deer paths everywhere. the next section is full of elm and ash. the elms get to a certain size and then attract the beetle that allows the fungus that stops them being able to transport water up the trunk and so they die. then regenerate by cloning. so the wood is full of fallen elm that is all smaller trunks and branches. it is quite honestly a mess. but from it in recent years, hatch the most wonderful butterflies – the silverwashed fritilliary. the caterpillars live on the leaves of dog violet, having hibernated in rough bark crevices over the winter.

and now the oaks are pushing out their leaves and flowers

ash flowers have been evident for a couple of weeks, but birds/ squirrels? something has been ripping them off.

at home the garden is full of wild flowers – the cow parsley is just out, and the cowslips are still looking good

a couple of weeks ago I found this unfamiliar shiny black bee whizzing around a patch of cowslips. I looked it up – a carpenter bee, solitary, just out of hibernation.

pear blossom out early as usual, I wonder whether any will get pollenated, it’s a very young tree, and there was no fruit last year, after a lot of blossom. it is Moonglow, a fireblight resistant variety. I may have moved to Scotland before I get a chance to find out what its fruit tastes like. or on the other hand, I probably won’t have, considering the future eighteen months or so of COVID-19 disruption.

I found this painting “Pink Garden” by Elisabeth Cummings, an Australian painter (for me mostly it is Ozzie painters I find most inspiring at the moment) and so I sat in the garden and tried to draw an impression of its burgeoning blossom and leaves.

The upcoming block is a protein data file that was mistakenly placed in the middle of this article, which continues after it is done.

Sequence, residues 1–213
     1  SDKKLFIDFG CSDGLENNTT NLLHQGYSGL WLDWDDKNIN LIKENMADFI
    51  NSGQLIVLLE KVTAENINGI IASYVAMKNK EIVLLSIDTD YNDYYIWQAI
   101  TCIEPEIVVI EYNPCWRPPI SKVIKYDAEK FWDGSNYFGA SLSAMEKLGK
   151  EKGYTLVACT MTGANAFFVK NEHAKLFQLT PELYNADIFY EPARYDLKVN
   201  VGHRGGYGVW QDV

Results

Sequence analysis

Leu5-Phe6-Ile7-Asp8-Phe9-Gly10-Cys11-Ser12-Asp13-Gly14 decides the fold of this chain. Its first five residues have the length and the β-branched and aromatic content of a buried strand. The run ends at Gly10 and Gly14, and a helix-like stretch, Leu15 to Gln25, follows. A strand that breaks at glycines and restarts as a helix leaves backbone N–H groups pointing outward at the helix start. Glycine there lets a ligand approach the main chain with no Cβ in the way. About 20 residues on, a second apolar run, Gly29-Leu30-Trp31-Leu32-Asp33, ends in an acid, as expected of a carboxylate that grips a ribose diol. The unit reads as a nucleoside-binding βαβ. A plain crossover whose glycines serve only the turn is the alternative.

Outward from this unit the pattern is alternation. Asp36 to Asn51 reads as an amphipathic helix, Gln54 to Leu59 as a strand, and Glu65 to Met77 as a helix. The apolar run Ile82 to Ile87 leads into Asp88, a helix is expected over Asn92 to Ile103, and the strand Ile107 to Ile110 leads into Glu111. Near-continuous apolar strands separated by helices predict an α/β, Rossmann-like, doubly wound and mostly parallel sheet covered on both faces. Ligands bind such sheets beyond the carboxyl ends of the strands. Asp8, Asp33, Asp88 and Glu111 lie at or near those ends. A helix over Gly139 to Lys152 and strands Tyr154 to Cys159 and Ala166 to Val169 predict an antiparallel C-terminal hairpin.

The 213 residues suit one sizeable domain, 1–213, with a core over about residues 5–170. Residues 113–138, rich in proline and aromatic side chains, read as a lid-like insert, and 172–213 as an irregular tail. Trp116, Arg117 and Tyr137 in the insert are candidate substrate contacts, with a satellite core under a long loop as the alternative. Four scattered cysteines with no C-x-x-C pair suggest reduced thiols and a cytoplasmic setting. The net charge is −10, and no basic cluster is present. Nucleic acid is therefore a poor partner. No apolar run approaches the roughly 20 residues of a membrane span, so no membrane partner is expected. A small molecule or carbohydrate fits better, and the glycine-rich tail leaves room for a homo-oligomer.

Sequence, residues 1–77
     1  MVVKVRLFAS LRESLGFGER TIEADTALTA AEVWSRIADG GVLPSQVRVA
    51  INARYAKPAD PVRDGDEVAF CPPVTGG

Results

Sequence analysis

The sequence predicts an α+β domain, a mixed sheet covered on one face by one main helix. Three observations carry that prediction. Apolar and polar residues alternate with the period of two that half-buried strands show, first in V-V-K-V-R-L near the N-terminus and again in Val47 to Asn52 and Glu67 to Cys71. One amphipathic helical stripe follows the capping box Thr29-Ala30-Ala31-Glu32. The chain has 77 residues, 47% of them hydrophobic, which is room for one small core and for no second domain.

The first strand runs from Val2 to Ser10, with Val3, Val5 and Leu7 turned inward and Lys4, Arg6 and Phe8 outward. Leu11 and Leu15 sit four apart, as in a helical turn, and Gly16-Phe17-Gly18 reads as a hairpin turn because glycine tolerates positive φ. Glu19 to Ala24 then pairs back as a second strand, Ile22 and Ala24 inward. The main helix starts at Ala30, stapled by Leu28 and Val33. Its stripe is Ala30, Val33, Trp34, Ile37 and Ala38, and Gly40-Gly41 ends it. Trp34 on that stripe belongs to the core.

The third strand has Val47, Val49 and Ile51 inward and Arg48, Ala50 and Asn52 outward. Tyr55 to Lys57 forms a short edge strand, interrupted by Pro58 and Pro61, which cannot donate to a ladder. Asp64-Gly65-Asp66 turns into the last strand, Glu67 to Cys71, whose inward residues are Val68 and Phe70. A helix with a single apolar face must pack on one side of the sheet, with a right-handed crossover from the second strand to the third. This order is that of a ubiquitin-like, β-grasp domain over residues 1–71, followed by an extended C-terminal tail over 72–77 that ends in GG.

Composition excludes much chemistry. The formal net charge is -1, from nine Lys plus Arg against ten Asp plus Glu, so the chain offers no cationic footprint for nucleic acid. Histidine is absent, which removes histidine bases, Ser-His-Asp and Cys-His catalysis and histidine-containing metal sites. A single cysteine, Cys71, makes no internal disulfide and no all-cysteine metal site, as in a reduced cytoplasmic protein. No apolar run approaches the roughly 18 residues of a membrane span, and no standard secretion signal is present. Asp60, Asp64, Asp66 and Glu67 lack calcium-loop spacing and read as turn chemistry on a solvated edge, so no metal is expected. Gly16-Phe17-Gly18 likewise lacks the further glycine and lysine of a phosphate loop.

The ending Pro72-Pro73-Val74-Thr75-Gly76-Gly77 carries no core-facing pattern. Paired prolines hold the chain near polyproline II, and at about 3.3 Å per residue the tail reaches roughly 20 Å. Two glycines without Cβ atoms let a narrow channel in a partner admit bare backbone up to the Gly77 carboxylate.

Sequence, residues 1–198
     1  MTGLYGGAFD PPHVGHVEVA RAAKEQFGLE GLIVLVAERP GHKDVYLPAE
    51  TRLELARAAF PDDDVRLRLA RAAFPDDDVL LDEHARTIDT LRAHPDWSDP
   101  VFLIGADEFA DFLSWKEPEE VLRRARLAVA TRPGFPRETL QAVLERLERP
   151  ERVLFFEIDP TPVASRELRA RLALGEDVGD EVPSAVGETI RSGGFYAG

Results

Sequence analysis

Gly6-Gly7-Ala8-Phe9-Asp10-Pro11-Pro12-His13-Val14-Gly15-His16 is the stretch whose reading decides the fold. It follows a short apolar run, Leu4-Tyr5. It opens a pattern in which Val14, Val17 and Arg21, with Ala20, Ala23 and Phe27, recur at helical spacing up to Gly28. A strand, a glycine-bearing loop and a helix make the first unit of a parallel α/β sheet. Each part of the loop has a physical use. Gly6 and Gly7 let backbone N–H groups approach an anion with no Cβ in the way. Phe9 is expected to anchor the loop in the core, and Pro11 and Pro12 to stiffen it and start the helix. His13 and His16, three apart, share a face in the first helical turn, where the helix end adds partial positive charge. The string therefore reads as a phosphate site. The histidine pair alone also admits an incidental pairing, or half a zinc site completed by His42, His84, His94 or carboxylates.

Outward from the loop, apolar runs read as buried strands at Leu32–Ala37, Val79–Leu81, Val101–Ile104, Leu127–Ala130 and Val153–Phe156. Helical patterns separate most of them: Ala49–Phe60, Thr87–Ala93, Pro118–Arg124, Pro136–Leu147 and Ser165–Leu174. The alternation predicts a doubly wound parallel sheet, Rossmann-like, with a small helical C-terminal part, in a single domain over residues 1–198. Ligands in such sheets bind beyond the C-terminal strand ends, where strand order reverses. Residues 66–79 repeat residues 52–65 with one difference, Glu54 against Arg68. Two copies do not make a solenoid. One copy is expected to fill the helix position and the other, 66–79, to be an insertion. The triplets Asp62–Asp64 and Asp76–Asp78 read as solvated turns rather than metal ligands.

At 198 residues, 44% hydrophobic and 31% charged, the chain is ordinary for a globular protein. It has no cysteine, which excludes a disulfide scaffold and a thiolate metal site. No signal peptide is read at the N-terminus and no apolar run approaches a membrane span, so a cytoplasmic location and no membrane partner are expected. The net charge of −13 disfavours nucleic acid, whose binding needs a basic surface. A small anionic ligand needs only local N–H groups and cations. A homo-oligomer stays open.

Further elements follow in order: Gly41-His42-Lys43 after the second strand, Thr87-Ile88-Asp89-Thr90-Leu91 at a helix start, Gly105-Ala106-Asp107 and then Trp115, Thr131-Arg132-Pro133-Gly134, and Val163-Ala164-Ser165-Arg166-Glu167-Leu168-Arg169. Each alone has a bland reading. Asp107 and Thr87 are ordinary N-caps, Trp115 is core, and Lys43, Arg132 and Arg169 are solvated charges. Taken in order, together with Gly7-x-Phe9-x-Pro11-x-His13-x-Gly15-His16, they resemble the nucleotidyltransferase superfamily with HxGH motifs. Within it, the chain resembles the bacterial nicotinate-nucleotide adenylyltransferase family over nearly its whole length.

pen and ink and then acrylic

here’s the bee

another  sheet

and now I’m finding working on paper quite a nice change from canvas

this is on fabriano paper, the lovely tough creamy paper I bought in a ten metre roll for making folded books. it does need stretching on a board with gummed tape, which is trickier than you’d think.

having such large pieces of paper means I can work as large as some of my recent canvases. this is 74 x 82 cm. I had to stretch it after I’d painted it (pencil, charcoal and acrylic) as I hadn’t taken it very seriously until I’d finished it. expensive to frame of course, mount and glass as well as frame. and decent glass which gives you accurate colour, is really expensive. it would probably cost twice what I’d ask for the painting. but there is that freedom from the surface you are potentially messing up not costing £ 40.

and the brush slides around nicely on the smooth paper

however I did invest in three Italian-made nice box canvases with deep sides 70 x 70 cm before the virus got hold. (now you can’t get them, I suppose the factory has been badly affected and Jacksons have no stock)

so I have a trio of landscape abstracts finished

all three have ink and paper collaged under the acrylic, and some oil pastel and charcoal drawing  … the top one is from the field at the top of the road with the view of the sea at Blakeney and on a bright day the wind farm masts poke up from beyond the horizon.

the one in the middle is the pond in the wood, and this last one the huge prairie field that my friend Henry Carter sold to Albanwise, which has winter wheat making a shallow triangle if you are standing at the top of it from the road, and spring barley just coming through as a green veil,

here a veil of paint.